On the train ride from Milan to the Cinque Terre, the lady next to me said, “Once I get to Genoa, I’m on vacation.” She explained that once we left Genoa, our view for the rest of the ride would be of the blue Mediterranean Sea, and to her the sea meant vacation. She was partly right. We had a view of the sea, but we also saw one picturesque beach town after another, strung together like jewels on a necklace. Some of these gems I’ve visited before. Others I’ve just passed by on the train. This trip I lingered in Liguria a bit longer than planned and visited (or revisited) some of its coastline towns.
Lore has it that Camogli (pronounced cah-mō-yee) gets its name from Ca’ mogli (case delle mogli), meaning house of the wives. A name dedicated to the wives, of sailors and fishermen, who looked after the town while their husbands were away at sea. The name actually dates farther back than that, from Camuli, the Ligurian-Celtic deity. (I like the “houses of the wives” version better.) It is somewhere in size between a town and a village is divided by the rocky outcrop that houses the Dragon Castle and the town's basilica. One one side is the beach, and the other is the harbor.
From the beachfront, tall pastel-colored houses climb up and back against the hillside. The houses’ reflections dance upon the sea with each little wave. The facades are also elaborately decorated in Tromp l’Oeil. It’s not really a window frame you’re seeing; no it’s just a painting of one. So many times I did a double take to see that the woman or cat in the window was not real, but a painting. You could spend weeks weaving your way in and out of the caruggi (narrow alleyways) of the town and discerning Tromp l’Oeil from reality.
The harbor, which is packed with little boats, is located at the north eastern tip of the curved coastline. Camogli is still a fishing town, and the harbor smells of the sea and fish. Fishing nets are strewn on the ground and hung on railings to dry. An old lighthouse sits at the end of the harbor's entrance.
Besides walking the beachfront and meandering through the maze of caruggi, there is plenty to do and see in Camogli:
Basilica di Santa Maria Assunta - The town's church while looking quite plain on the outside has a very decorative baroque interior.
Museo Marinaro - To learn about Camogli's seafaring history, visit the Marinaro Museum.
Hike – There are four hikes you can do, ranging in time from 30 minutes to about 4 hours. (I would strongly advise against attempting any of these hikes during a July heat wave with temperatures of 40°C, 80% humidity and only a half liter bottle of water with you.)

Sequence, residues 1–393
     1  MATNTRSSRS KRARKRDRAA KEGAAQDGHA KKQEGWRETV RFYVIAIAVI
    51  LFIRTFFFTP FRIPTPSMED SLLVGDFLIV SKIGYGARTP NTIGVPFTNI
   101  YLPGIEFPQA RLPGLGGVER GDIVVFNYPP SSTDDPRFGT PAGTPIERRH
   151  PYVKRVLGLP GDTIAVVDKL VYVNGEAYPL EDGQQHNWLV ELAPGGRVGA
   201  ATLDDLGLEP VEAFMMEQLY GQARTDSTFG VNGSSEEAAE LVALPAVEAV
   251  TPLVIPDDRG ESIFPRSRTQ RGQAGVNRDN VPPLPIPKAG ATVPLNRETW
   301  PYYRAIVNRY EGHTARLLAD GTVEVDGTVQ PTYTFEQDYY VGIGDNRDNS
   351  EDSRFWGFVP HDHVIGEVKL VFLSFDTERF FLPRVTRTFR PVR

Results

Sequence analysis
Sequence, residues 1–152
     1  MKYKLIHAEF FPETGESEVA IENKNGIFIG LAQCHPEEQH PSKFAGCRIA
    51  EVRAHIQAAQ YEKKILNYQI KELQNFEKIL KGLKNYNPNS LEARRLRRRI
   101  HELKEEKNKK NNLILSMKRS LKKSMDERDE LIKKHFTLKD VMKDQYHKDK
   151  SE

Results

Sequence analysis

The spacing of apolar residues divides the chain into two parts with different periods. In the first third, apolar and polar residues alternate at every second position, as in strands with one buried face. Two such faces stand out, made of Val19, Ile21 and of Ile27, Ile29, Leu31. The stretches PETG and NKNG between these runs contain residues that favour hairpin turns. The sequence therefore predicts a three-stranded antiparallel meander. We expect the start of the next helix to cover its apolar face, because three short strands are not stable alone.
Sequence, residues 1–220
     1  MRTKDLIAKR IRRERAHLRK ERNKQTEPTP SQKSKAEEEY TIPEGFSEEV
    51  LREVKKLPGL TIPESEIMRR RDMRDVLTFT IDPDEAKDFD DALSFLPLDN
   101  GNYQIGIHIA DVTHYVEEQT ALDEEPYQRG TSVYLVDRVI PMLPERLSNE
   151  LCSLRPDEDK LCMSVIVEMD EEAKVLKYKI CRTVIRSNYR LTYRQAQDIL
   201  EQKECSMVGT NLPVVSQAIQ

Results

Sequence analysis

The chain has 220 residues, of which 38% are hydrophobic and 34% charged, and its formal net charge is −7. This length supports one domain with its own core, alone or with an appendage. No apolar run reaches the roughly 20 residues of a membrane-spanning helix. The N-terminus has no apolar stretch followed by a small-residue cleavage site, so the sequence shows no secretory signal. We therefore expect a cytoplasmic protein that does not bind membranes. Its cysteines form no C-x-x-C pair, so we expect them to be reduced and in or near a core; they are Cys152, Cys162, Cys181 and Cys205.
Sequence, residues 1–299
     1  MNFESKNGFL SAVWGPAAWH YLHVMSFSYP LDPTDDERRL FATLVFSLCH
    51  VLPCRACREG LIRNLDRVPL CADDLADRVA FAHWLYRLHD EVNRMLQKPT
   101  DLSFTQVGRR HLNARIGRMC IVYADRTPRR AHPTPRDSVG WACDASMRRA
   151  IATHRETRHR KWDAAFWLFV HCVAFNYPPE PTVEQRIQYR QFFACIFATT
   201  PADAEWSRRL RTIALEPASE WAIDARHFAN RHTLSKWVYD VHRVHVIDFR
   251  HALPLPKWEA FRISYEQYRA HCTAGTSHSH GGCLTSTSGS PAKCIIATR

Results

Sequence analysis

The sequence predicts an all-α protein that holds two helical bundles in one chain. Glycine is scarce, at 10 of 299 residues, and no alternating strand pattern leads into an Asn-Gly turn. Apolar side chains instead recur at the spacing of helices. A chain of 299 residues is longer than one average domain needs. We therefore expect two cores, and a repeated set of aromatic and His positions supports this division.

- A 30-minute hike to San Rocco – An uphill climb from Camogli takes you to the pretty church, San Rocco. The views of Camogli are also gorgeous.
- An hour-hike to Punta Chiappa – Point Chiappa lies at the end of Camogli’s arched coastline. It’s reachable only by foot or boat and is an idyllic place to swim.
- 3 hour hike to San Fruttuoso – A rigorous hike from Camogli, San Fruttuoso is both an abbey and the name of the village that lies in an indentation of land in the Portofino Promontory.
- 4 hour hike to Portofino – For those who love activity, take the long hike, with a steep incline from San Fruttuoso, to Portofino.
Take a Ferry – You can actually avoid any physical activity and ride in one of the ferries. Golfo Paradiso Ferries will take you to each of the locations mentioned above.
Beach Activities – Soak up the sun on a lettino (sun bed) rent a kayak or paddleboat (definitely my favorite activity while in Liguria).
Foodie Finds in Camogli:
Outdoor Food Market – Market day is every Wednesday from 8am – 1pm along Via della Repubblica.
Camogliesi and Focaccia – You can find tasty versions of these local specialties at Pasticceria e Focacceria Revello along the beachfront on Via Garibaldi. They claim to have been the first to make the town's sweet treats, camogliesi, a rich pastry made with chocolate and rum flavored cream.
Festivals in Camogli:
Sagra del Pesce – A huge street festival and fish fry to pay homage to Saint Fortunato who looked over the fishermen as they headed out to sea after World War II. A huge frying pan is set along the harbor, and fish is fried and distributed, free of charge, to those attending. It’s held on the second Sunday of May.
Stella Maris – A more serious and religious festival held on the first Sunday in August. Garland clad boats, canoes, rafts, and any other kind of floating device head out to Punta Chiappa for a special mass. At night the town lights are dimmed and lights are sent out to see, either from a small boat or with candles set inside paper cups. Each light represents a sailor's soul.
Innamorati a Camogli - The Saint Valentine's Day celebration starts the week leading up to St. Valentine's Day. During the week, Camogli is entirely dedicated to lovers. Hearts are strung everywhere, even on fishing nets. The weekly Wednesday market's theme is love. There are poetry and art competitions dedicated to love. The winning artist will have his/her painting cast onto the next year's commemorative plate, which some restaurants give to lovers celebrating St. Valentines in Camogli. "Ahhhh, how sweet," you're probably saying fecetiously. (But, being such a dreamy town, this is a perfect place to celebrate being in love.)
Getting There and Useful Websites:
If you’re coming from the north, it’s a 30-minute train ride from Genova’s P. Principe station, from Milan, about 2 ½ hours. Coming from the south, it’s a 1-hour train ride from La Spezia. Italy’s rail system website
Camogli Tourist Board (Its physical location is across from the train station on Via della Repubblica.)
When you're on vacation, what tourist activity do you enjoy most?